How To Take Portraits At Sunset

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Do you have trouble getting a good exposure at sunset?

It is actually one of the best times of day to take portraits but without taking the correct steps it can be tricky for some beginners.

If you are just taking regular outdoor portraits, you may be totally fine exposing the image so that the subject is bright enough and letting the sky “blow out” to white. But when there is a beautiful sunset happening, you want to include as much of that color in the frame with your subject as you can.

This is where it gets tricky for a lot of photographers. The sky is going to be much brighter than the subject (even if the sun itself isn’t in the frame) so it can be difficult to get them both exposed well in the same frame. If you darken the sky exposure (which is a great way to make sure you capture all those great colors) then the subject will be too dark.

When you are able to create an image so that none of it is blown out highlights or total black, that is often referred to as balancing the exposure.

The way to balance an exposure when the sky is brighter than the subject is to add light to the subject.

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Pay Attention To The Light

Often at sunset, you can take advantage of the colorful sky without having the sun itself in the frame of the picture. In fact, the side of the sky opposite the sunset (ake the east) will have a lot of it’s own color.

So if you can find a place where the settign sun can light your subject, then you are all set.

Even if the sun isn’t directly on your subject, just using a background that is less bright will help you balance the exposure.

Using A Reflector

If the east sky is dull looking or you just can’t find a good position where the sky isn’t so bright, then you’ll have to do something to add light to yoru subject. A reflector is the simplest and quickest way to do this.

You may also hear these referred to as a 5 in 1 reflector. They typically include reflective sides of white, silver, and gold as well as a white translucent piece and a black side. For our purposes here, we will just be dealing with the white reflective side. This is the one I use. It’s inexpensive and works great. I prefer the oval shaped one rather than the round reflector.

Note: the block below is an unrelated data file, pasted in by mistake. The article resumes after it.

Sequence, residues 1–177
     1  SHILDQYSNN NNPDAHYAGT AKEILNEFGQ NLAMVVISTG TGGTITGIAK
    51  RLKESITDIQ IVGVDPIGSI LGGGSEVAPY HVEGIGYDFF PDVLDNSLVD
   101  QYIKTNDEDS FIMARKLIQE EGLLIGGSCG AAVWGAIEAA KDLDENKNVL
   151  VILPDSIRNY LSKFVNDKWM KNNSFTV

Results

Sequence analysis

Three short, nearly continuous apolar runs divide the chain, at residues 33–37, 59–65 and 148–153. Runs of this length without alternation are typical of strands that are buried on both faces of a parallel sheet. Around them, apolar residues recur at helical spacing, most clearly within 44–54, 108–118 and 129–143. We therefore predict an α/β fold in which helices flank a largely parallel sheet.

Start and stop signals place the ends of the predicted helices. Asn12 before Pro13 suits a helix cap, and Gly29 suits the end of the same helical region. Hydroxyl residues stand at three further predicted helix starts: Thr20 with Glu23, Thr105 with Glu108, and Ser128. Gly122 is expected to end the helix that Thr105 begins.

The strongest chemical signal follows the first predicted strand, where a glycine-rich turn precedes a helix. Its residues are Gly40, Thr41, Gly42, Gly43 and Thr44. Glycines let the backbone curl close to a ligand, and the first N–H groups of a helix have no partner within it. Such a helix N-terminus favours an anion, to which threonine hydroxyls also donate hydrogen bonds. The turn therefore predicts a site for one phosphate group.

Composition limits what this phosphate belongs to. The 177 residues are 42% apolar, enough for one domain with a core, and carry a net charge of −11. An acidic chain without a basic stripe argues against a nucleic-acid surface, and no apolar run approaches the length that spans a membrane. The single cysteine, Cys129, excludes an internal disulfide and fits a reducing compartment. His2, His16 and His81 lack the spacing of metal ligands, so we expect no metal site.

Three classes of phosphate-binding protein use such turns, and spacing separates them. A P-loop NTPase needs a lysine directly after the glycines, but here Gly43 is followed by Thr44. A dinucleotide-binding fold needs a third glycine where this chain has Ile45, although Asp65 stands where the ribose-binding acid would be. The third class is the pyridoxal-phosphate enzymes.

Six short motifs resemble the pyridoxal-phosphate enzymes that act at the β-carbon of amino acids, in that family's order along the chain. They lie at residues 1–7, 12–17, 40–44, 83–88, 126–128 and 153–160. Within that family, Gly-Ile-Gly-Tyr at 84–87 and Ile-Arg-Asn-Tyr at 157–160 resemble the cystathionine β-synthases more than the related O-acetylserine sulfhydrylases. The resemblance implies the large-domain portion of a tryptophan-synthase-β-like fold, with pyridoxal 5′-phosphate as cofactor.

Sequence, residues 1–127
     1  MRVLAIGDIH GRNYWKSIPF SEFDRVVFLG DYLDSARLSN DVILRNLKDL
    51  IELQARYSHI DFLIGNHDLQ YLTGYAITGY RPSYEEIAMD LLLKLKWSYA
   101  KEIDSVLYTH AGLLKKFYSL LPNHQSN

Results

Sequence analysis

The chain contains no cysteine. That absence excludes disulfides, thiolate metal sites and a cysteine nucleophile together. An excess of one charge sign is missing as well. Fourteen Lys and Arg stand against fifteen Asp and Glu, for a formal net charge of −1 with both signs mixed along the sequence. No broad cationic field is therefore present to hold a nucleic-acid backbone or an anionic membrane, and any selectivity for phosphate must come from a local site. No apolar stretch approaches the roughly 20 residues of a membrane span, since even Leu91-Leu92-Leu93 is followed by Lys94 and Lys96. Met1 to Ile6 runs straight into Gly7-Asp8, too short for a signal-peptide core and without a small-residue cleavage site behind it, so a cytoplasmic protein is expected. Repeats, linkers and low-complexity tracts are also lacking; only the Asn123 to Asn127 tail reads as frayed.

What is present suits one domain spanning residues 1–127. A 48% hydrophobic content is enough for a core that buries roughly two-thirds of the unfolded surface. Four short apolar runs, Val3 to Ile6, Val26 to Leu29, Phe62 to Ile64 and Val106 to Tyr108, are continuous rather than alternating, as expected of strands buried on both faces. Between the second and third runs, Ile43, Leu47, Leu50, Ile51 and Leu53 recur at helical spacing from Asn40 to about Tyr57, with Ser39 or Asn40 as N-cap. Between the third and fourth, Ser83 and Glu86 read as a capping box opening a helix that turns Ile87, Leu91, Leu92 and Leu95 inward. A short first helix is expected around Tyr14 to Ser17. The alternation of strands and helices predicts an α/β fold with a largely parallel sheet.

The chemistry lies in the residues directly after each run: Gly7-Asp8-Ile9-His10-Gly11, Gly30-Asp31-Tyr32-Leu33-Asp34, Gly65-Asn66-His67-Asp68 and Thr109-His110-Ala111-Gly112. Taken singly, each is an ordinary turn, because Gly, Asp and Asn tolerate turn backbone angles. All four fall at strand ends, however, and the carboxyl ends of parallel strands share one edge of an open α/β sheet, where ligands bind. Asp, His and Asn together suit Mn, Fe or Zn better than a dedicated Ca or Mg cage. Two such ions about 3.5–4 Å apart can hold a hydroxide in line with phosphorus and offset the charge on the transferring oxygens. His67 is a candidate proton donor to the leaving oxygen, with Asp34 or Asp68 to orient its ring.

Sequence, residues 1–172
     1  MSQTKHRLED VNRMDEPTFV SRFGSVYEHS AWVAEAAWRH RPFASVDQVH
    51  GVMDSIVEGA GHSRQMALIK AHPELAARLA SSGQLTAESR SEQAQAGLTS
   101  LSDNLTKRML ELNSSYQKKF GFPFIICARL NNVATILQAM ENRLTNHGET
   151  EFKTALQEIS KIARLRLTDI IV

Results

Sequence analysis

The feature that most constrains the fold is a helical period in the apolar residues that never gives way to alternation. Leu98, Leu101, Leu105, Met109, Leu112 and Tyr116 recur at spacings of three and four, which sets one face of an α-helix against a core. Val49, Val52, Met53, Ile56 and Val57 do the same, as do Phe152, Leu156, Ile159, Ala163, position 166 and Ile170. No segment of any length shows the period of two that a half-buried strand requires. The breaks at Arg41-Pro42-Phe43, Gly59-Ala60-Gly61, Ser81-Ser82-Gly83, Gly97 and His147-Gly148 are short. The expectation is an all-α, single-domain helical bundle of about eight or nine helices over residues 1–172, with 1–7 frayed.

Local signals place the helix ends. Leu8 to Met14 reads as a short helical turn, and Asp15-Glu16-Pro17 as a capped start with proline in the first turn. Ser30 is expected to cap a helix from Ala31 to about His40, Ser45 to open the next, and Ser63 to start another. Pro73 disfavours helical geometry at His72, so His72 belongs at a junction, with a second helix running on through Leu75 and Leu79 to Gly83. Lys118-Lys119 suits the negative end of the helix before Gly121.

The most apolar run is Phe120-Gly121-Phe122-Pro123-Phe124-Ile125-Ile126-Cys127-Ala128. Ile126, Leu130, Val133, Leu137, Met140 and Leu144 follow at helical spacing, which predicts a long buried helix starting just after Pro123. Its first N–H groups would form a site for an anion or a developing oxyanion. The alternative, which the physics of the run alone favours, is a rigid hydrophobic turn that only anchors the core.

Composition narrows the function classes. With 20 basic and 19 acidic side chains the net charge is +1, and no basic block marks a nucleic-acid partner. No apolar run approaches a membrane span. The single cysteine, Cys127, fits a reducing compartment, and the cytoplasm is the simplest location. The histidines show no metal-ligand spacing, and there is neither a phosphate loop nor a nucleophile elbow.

The goal here is to redirect some of the light onto the subject so that they are closer in exposure to that bright sky. The subject is already getting some direct light from the sky so taking more of it and focusing it on the subject with the reflective part will add even more light to the subject.

Using Flash For Sunset Portraits

If you want to really take control of the lighting in the shot, flash is the way to go.

Here are the basic steps for getting a good flash exposure at sunset.

1. Expose For The Ambient Light

When using flash outdoors, the first step should be to get the right exposure for the sky without flash (because your flash has no effect on it).

You’ll want to be in manual mode here. If you want the background to be blurred out, you can use a lower aperture like f/1.8 or f/2.8. But at sunset I usually want some detail in the sky, especially if there are clouds that are changing colors from the sun setting. So I start with an aperture of f/8.0.

From there I’ll start with the flash sync speed. You’ll have to check your camera manual to see what yours is. I use a Nikon D750 and it has a flash sync speed of 1/200. Other models might be as high as 1/250 or as low as 1/160.

An aperture of f/8.0 and a shutter speed of 1/200 is where I usually start. From there, you may have to adjust one or the other until the sky looks the way you want. This is where I can’t give you specific settings because it varies based on many factors including how much the sun has set, how many clouds are blocking the sun, whether the sun is in the frame or not, and a few others. You best bet is to use live view or take a shot and see how it looks and adjust from there.

Once you get the sky exposed correctly, chances are your subject will be pretty dark.

2. Add In Flash

To add some light to your subject, you’ll need to add some flash.

You can use a constant light source as well and the concepts are the same. But flash is the most common so we will talk about that here.

Flash works best and when it is not attached to your camera.